It's time to make some kimchi. It really is. With all the culinary exploration we've been doing at The Little Lake House I have regrettably forgotten this Korean flavor powerhouse. Many times I've said "I need to grab some kimchi" or "I have all these jars, I should make some kimchi." Well now that time has come- I AM going to make some kimchi.
I'm ashamed to admit it, but I have never tried Korean food. No reason why, just never have. One of my very best friends, Andi, is Korean and makes kimchi, so she is going to be my kimchi mentor. Andi and I have awesome food conversations. Her recipe for tomato jam changed my life. We can spend an entire day going back and forth with recipes, things we saw at the grocery store, food blogs we've read, and what we're having for lunch. So Andi will be offering her expertise as I start this project, and her thoughts on the finished product.
|Cutting the scallions into little bitty matchsticks was a bit|
time consuming but worth it for a beautiful batch of kimchi.
You will need-
- 1 head Napa cabbage
- 1 tablespoon sea salt
- 4 tablespoons red pepper
- 2 teaspoons honey
- 2 teaspoons freshly grated ginger
- 3-4 garlic cloves, minced
- 1 bunch scallions, sliced
- 2 carrots, peeled and shredded
Remove the ugly outer leaved of the cabbages. Cut them in half lengthwise, slice into 2 inch slices. Using a large bowl or stockpot, layer the cabbage with the sea salt. Cover with a towel and let rest for about an hour, mixing up the cabbage every once in a while, using your hands to squeeze the cabbage a bit, to release the liquid.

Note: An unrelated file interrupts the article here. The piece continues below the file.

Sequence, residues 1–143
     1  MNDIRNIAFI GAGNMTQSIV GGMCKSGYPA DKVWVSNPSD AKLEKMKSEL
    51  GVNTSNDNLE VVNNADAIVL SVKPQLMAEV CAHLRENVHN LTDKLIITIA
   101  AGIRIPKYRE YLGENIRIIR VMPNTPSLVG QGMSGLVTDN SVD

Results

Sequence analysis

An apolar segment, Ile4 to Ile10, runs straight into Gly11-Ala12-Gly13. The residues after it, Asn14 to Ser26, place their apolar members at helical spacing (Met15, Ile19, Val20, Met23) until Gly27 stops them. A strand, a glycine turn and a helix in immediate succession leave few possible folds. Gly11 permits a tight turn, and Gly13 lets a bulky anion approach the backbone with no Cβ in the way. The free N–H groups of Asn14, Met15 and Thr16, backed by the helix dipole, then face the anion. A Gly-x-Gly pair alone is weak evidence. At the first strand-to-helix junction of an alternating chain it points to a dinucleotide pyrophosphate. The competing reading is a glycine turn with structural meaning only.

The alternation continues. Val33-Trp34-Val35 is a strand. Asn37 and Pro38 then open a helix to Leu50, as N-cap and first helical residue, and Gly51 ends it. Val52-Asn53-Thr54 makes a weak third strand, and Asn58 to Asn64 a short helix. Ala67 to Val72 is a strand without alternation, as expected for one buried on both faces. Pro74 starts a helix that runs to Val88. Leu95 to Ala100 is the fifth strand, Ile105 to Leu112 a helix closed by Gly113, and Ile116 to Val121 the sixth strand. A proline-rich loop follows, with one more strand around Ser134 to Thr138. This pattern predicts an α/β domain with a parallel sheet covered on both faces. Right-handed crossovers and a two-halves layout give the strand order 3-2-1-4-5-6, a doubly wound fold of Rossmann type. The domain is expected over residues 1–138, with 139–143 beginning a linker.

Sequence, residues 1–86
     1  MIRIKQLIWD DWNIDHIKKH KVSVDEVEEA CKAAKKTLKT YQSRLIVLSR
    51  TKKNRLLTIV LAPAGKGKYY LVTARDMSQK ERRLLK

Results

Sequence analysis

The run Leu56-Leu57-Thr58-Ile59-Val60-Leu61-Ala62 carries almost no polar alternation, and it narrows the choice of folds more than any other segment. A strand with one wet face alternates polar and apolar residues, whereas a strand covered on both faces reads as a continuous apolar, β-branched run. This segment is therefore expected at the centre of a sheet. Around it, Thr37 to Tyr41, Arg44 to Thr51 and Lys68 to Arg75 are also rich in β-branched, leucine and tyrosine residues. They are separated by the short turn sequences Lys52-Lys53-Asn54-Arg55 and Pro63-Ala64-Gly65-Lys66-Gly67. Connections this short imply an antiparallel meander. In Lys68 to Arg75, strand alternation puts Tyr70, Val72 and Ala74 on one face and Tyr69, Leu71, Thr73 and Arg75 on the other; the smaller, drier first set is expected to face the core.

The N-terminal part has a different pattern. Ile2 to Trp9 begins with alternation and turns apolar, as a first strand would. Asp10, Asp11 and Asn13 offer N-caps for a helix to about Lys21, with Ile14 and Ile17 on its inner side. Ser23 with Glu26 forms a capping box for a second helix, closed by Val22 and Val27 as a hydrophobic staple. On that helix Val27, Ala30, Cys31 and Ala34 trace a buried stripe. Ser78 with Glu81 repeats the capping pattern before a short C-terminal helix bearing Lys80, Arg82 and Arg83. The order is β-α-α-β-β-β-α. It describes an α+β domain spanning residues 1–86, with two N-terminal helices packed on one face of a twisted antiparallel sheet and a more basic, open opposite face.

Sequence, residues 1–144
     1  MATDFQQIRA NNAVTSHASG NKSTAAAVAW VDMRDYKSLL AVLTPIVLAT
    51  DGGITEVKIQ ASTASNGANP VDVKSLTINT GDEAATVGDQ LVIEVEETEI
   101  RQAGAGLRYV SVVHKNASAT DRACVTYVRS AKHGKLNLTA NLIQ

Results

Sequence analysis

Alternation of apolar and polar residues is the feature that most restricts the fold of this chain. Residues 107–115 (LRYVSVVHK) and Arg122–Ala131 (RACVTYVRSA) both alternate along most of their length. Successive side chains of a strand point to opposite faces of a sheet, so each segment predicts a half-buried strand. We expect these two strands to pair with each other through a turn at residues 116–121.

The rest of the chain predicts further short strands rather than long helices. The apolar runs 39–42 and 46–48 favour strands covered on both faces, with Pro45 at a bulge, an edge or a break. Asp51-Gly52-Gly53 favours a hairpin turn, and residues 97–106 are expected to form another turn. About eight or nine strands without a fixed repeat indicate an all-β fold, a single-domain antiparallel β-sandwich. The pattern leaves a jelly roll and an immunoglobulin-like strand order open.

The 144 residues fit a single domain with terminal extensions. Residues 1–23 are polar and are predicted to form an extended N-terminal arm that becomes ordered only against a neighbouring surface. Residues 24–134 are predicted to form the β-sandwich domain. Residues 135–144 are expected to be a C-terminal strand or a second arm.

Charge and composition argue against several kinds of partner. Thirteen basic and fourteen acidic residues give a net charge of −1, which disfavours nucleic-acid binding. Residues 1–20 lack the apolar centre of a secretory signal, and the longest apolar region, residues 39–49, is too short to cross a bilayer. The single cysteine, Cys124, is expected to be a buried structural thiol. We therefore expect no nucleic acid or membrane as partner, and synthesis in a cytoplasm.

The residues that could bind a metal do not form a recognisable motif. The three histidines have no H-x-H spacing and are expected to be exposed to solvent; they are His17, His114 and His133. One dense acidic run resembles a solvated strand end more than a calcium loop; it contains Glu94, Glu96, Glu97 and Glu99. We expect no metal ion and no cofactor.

Combine all the ingredients and mix well. Pack the kimchi into a large jar or crock (those half gallon canning jars are great for this, but one large crock or bucket will do in a pinch). There should be enough liquid to completely cover the vegetables.
Place the lids loosely on the jars (or cover crock with a towel if you don't have a lid) and set the jars on a baking sheet in case of overflows. Allow the kimchi to ferment for 5 days, mixing and packing the cabbage down several times, then store in refrigerator. If you used a crock, pack the kimchi in quart jars.
*NOTE- If you find that the cabbage hasn't quite given off enough liquid to adequately cover the vegetables, and you MUST keep them submerged in brine during the entire fermentation process, you can make some additional brine to top it off. Combine 2 cups water with 2 tablespoons sea salt and stir to dissolve the salt completely.
Now that I've got some kimchi going, I can plan some recipes and dishes to use it in. For sure I will be making mandu, a Korean dumpling, and lots of other delicious things. I'll be looking to Andi and anyone else who loves Korean food, for some great ideas.
|This smells soooo amazing right now.|
|Three pints of spicy, crunchy kimchi|